By Ed Huyck
By Melissa Wray
By Patrick Strait
By Jonathan McJunkin
By B Fresh Photography
By Ryan Siverson
By Kendra Sundvall
By Ed Huyck
I saw too many great shows this year and have too little space to talk about them all. But here are my favorite 10 productions from 2012.
Set almost entirely on a small, isolated Irish island, Martin McDonagh's play delves deep into the darkness that lies within the village and these characters. Nimbus's production, under the solid direction of Kari Hammer, deftly dances among all of the issues at play, bringing out the humor, the anger, and the deep-seated madness that comes from living in isolation with the same people, day after day, in a kind of foggy purgatory.
Pillsbury House Theater
Audiences who missed this fantastic new play by Tracey Scott Wilson will get a second chance this winter, when it is remounted at the Guthrie. The new production will feature the return of director Marian McClinton, as well as the same trio of actors, to tell Wilson's insightful meditation on race, gentrification, and going home again.
The Moving Company
The Moving Company proved that Goethe and the blues could mix. The show, crafted by actors Nathan Keepers and Christina Baldwin with director Dominique Serrand, takes its cues not just from Goethe's original story but also Thomas Mann's 20th-century exploration of the material. The unique mix of talents combined perfectly, reaching its pinnacle in a stunning piece centered on Tom Waits's "The Briar and the Rose."
Theatre Pro Rata
Pro Rata had a great 2012 from end to end, but Jon Klein's absurd and brutal comedy — a kind of Waiting for Godot for the modern starving class — was easily the best of its productions. Led by Theo Langason and Mark Benzel as the title characters, the show sped along the cracked highways and broken communities of the 21st century.
Mu Performing Arts
Rick Shiomi is stepping away from the company that he grew into one of the Twin Cities' best, but the 2012 Ivey Lifetime Achievement Award winner left quite a parting gift for audiences this summer. In re-imagining the musical about fairy tale characters and what happens "ever after" as set in Asia, Shiomi drove home the universal nature of these tales and characters.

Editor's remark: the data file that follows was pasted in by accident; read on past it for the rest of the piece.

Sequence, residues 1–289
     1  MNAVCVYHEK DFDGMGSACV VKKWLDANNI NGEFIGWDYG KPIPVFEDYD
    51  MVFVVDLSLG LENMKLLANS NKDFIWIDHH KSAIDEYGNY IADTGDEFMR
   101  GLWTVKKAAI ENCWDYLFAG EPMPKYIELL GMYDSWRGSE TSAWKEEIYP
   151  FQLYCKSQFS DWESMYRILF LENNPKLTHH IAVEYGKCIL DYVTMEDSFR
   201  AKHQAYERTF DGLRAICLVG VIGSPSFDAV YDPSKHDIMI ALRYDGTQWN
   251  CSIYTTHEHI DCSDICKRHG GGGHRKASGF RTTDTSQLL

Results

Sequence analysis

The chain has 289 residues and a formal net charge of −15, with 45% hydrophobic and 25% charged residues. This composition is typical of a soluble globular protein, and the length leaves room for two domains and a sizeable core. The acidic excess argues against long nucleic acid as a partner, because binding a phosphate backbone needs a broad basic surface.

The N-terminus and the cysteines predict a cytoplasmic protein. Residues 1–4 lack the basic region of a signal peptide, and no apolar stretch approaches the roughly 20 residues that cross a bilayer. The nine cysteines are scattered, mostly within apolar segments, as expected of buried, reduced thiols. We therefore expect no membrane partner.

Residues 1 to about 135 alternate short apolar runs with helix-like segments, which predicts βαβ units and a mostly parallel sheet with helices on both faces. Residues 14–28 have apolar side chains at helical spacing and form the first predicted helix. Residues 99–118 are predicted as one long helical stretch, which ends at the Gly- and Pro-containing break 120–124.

Pillsbury House Theater and Mount Curve
Last year's In the Red and Brown Water topped our 2011 list. The second play in Tarell Alvin McCraney's "Brother/Sister Plays" trilogy nearly reached those same heights. Set in poor, rural Louisiana, The Brothers Size examined the bonds of brotherhood and friendship via three characters. McCraney's rich, poetic language sounded natural coming from the mouths of these actors, which only strengthened the experience.
In the hands of a thoughtful director and capable cast, Nobel Prize winner Harold Pinter's work came to stunning, full life. Joel Sass directed a brilliant cast in this early piece loaded with brutal humor and ever-present but undefined menace. As the target, Stephen Cartmell was fantastic, but the entire company did strong work throughout.
Gavin Lawrence gives one of the year's standout performances as Langston Hughes in Carlyle Brown's examination of the poet, especially his testimony before Joseph McCarthy's anti-communist witch hunt. The specter of the blacklist hangs over the play and lends it drama, but it is Hughes's own cross-examination of his art and the creation of poetry that allowed the show to reach such amazing heights.
Ten Thousand Things
Director Michelle Hensley and Shakespeare are no strangers to year-end best-of lists. There are good reasons for that. Hensley's directing style and the hard work put in by the actors create a Bard that can be understood by any audience, but it doesn't cheapen the impact — the humor, drama, or emotion — of the writing. That Ten Thousand Things was able to make such a dynamic experience out of one of Shakespeare's problem plays is an even stronger testament to Hensley's talent.
Theatre Latte Da/The University of Minnesota
At its heart, theater is about confirming life in the face of the deepest, darkest troubles. The young characters of Spring Awakening face problems at home, in school, and with their own burgeoning sexuality. Yet it was impossible to deny the living energy that pulsated during this production, as the company's young performers — many still University of Minnesota students — were ready to burst out of the stage. Director Peter Rothstein and choreographer Carl Flink kept just enough control of the chaos to make Spring Awakening feel exactly like adolescence.
Visit citypages.com for more 2012 theatrical favorites.
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